Let’s say I’m running a race. When I run, I frequently have sensations in my left foot. I don’t like them. So, I react, favor it, and become anxious. I interpret this as a problem. I make up a story. “Oh no! Maybe that surgeon who wanted to fuse my ankle was right. I’ve probably permanently injured myself. I should stop right now. But if I can’t run, I’ll gain back all the weight and more. Ed will leave and take the dog.” And on and on and on.

The story I made up is plausible. Perhaps I should quit the race, go home, and run another day. But it might not be true. If I had believed one doctor’s story about my ankle and taken it on as truth in my own mind, I wouldn’t have spent the last decade as a runner and you wouldn’t be reading this book.

The moral? Don’t believe everything you think!

Mindfulness short-circuits this process. Much suffering comes not from the sensation itself, or even the feeling or reaction. It’s when we create a story and live as if that story were true that it turns from pure sensation and awareness into suffering.

In this example, rather than follow my train of thought down the rabbit hole, I can catch it quickly and return to observing the pure sensation.

My left foot tingles. End of story.

Mindfulness simplifies our experience into the most basic process.

Mindfulness also offers insight. When we see the process happening and can remain calm and open to it, we see it for what it is, not reality, just a story.

Mindfulness always brings us back to the present moment. The story is usually in the future or the past and is usually fraught. The past is regret or longing for things from before. The future is worry or longing for things to happen a certain way.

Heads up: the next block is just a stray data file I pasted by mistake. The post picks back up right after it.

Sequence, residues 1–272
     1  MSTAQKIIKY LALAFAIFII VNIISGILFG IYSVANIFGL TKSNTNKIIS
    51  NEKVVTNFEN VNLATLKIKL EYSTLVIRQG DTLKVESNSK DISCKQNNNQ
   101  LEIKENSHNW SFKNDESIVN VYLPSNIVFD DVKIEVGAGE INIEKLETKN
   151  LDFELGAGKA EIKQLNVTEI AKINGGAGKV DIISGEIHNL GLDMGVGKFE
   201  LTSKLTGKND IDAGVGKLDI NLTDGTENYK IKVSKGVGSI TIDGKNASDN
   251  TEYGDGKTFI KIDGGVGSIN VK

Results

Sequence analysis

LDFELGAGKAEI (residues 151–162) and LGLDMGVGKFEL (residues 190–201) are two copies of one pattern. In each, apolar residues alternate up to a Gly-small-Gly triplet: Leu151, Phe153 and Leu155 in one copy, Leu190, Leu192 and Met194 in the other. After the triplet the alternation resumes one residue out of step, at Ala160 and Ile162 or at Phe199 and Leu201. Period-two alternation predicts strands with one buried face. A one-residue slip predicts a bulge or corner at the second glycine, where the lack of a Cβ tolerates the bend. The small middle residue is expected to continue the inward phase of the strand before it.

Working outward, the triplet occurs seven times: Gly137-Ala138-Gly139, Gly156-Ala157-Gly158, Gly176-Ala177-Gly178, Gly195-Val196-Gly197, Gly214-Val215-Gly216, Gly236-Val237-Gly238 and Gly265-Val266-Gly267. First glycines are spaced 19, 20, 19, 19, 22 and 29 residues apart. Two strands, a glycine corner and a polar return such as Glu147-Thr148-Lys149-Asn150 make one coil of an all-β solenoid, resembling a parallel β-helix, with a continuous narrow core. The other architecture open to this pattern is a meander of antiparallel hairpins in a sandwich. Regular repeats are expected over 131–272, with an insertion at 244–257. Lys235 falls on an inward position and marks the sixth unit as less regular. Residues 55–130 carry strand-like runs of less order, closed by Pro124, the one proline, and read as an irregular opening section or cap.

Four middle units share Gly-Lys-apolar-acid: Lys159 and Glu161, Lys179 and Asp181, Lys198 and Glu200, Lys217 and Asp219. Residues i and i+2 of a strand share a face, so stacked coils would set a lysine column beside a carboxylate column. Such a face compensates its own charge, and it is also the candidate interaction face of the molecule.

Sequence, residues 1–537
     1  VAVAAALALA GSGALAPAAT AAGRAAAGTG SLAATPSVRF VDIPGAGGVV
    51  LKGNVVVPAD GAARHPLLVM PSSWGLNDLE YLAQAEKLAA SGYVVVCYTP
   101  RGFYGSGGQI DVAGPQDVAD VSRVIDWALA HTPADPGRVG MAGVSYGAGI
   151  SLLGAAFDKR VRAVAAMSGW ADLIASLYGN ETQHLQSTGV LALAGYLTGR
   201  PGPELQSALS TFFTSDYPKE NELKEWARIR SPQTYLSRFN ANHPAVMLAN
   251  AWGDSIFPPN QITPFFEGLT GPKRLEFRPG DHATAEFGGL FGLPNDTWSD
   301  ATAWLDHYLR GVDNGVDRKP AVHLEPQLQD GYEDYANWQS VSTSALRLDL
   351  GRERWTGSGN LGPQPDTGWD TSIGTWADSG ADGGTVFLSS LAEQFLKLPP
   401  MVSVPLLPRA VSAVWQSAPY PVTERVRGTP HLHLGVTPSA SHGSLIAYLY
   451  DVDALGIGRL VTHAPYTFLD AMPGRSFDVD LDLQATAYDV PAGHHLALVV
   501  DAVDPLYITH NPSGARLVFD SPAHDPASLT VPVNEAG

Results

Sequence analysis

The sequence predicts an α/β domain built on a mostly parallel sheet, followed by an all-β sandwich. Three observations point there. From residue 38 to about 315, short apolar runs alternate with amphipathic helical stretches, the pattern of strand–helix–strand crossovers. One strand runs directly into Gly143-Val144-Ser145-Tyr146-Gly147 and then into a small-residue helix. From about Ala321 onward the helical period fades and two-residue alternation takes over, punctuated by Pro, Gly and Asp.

So are craving and aversion.

We want to push away things from the past when we feel the sensation of regret. And when we worry, we desire to push away things of the future. But we also pull on happy memories of the past, wishing to relive them. We pull on the future, hoping it turns out a certain way.

Thoughts of the future, thoughts of the past, and judgment (especially self-judgment) are full of the potential to create suffering. But a moment-to-
moment awareness of the present has no such energy. Pure experience in the moment has no opinion. It’s the reaction (that push or pull) or the story that causes suffering. With mindfulness, you see through the layers to what’s actually happening. It’s a practice in reality.

Any time you take on a new challenge, you will likely notice negative stories arising in the mind—sometimes convincing ones.

They offer plausible reasons we can’t succeed. People who do succeed see through these negative stories.

Even stories happening in the present can distract. Thoughts of, “I’m no good at this. I’m not cut out for this. I’m not an athlete like [__fill in the blank__]” are stories. Depending on your fitness level, mental ability, and level of training, you might not be cut out for everything you attempt. But please don’t let the story keep you from finding out!

I have included more than twenty “Your Turn” exercises in the book Make Every Move a Meditation.

This excerpt is from Make Every Move a Meditation by Nita Sweeney. Buy the paperback, ebook, or audiobook now at Amazon or Mango Publishing Group.